Windows don’t last forever – years of weather exposure, UV radiation, heat, cold, condensation & general ageing can see window frames / units degrade until the point that they are no longer efficient, no longer look as good as they once did and become, overall, visually less appearing on your home.

New windows can improve a properties thermal efficiency, help to reduce energy costs and give a house an updated look. However, when it comes to replacing the windows in your home, measuring them accurately is key to ensure they fit properly. Here we look at key things needed when measuring replacement windows and what needs to be considered when making this decision.

 

 

Why Should You Replace Your Windows?

There are several reasons why you might consider replacing your windows. Some of the most common reasons include:

Energy Efficiency

Old and worn-out windows can allow air to escape from your home, causing your energy bills to skyrocket. Replacing your windows with more energy-efficient options can help you save money on your monthly energy bills. With energy bills in the UK at the highest they’ve ever been – there has never been a more important time to improve your homes thermal efficiency – reducing the need for heating and subsequently saving you money.

Increased Security

Older windows can be easier to break into, making your home more vulnerable to burglaries and break-ins. Replacing your windows with more secure options can give you peace of mind and protect your home and family.  In the UK, windows must meet certain security standards to ensure that they provide adequate protection against break-ins and burglaries. These standards are set by the British Standards Institution (BSI) and are commonly referred to as the BS 7950 and PAS 24 standards.

Improved Appearance

Replacing your old and worn-out windows can significantly improve your home’s curb appeal and overall appearance.

 

Service man measuring window for installation indoors, closeup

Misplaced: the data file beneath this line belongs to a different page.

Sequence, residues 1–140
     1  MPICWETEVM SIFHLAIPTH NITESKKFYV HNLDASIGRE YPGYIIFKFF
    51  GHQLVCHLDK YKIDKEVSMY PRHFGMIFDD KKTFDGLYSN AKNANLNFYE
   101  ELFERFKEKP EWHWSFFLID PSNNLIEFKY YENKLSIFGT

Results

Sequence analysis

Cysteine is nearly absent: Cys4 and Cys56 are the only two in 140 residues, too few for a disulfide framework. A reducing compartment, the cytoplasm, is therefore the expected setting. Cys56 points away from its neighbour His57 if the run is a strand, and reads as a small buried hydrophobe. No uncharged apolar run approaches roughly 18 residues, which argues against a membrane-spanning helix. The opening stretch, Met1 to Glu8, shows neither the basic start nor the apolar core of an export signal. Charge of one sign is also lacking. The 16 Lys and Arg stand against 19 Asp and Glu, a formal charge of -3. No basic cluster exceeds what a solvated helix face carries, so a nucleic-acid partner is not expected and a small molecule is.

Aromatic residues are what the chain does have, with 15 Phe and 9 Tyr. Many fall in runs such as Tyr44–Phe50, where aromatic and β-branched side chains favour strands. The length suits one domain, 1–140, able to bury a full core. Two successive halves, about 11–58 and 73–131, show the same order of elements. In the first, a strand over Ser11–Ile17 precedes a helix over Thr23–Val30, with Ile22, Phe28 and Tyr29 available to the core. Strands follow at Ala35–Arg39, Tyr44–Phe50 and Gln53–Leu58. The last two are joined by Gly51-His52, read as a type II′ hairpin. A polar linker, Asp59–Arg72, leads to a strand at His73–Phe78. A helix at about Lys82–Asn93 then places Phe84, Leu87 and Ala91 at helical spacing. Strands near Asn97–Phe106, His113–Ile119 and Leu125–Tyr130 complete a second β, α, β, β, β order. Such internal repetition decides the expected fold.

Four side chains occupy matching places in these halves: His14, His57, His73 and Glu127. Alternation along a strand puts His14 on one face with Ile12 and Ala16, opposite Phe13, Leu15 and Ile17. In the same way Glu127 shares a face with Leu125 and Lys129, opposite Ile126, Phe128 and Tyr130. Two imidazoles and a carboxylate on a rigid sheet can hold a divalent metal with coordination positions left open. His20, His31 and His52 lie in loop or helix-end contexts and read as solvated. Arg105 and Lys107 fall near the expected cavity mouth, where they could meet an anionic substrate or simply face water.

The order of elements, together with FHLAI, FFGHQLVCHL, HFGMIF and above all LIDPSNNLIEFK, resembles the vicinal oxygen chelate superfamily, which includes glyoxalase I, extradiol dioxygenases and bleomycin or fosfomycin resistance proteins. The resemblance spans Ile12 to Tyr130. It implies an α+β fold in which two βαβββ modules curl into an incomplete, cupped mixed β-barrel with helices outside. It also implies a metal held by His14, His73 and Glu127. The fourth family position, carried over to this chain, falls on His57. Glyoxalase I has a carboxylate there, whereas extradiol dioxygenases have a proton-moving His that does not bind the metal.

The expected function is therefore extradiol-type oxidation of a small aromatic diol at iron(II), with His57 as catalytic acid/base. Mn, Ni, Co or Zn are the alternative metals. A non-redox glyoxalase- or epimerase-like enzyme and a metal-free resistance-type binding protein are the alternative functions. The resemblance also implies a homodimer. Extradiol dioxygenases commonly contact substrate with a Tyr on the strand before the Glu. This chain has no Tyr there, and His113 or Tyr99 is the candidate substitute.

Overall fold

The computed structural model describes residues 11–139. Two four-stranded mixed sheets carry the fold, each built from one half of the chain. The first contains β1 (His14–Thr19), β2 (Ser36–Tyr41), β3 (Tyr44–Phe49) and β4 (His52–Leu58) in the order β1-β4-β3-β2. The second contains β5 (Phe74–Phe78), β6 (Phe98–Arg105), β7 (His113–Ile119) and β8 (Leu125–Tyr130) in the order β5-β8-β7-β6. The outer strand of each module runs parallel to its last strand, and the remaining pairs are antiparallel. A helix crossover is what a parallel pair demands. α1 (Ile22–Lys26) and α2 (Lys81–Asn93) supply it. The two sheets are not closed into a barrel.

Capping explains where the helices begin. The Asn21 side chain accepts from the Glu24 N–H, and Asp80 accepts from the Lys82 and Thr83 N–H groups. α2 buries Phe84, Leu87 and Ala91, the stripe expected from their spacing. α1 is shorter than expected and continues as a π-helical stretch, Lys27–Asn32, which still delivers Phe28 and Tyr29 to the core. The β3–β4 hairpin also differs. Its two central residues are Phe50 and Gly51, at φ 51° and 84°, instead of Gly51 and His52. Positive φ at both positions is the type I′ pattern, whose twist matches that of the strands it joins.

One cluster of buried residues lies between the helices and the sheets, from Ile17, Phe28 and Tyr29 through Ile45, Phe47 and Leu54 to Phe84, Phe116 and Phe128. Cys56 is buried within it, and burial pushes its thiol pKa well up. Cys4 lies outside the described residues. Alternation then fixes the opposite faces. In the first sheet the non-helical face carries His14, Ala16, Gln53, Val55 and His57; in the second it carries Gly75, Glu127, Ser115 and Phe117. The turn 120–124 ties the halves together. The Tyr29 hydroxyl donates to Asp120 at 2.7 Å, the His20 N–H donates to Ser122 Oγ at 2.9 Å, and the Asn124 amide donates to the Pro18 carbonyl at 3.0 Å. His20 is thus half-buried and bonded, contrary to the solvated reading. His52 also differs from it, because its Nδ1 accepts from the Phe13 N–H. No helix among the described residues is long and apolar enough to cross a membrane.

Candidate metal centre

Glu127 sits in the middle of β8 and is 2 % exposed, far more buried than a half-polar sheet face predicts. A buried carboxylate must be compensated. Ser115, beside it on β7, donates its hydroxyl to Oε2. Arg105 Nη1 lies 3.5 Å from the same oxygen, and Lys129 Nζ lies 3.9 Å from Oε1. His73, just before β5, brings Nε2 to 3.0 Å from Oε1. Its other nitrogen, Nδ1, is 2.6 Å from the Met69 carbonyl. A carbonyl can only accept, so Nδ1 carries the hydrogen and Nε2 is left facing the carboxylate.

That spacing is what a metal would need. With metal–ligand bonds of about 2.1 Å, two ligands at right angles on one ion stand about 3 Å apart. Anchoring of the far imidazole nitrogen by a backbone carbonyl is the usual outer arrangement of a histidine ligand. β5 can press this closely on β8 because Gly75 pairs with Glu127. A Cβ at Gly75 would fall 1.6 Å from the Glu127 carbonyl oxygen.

Measuring your windows to get a quotation for replacement units:

 

What Points To Measure From?

When considering the installation of replacement windows, it is important to accurately measure existing window frames. Measurements should be taken from a variety of points on the frame in order to ensure proper fit for the new window. These points include the width and height at each side of the frame; the distance between bottom corner and top corner diagonally; any obstructions within or outside the frame such as moldings around glass, air conditioners, shutters etc.; and finally, any additional requirements such as sills or trimming that may need to be cut away.

It is also important to note whether measurements are taking from inside or outside edges of the frame. This will help determine which type of window needs to be installed since some require an exact outer dimension while others may require measurements taken from inner dimensions. Additionally, if there are multiple levels involved with a particular installation, each level must have its own individual measurements taken so that all necessary components can properly fit together.

In addition to measuring existing frames, other factors must also be considered when installing replacement windows such as climate conditions and energy efficiency ratings. By researching local building codes prior to purchasing new windows, homeowners can rest assured they have chosen one that meets their specific needs while adhering to local regulations. Taking time to make sure accurate measurements are taken from various points on an existing window frame will ultimately result in a successful installation experience for all parties involved.

 

What Dimensions Will You Need?

When measuring guides for replacement windows, it is important to know what dimensions will be necessary. The width and height of the window must first be established before considering other measurements. In some cases, an exact fit may not be possible due to variances in wall construction or opening size.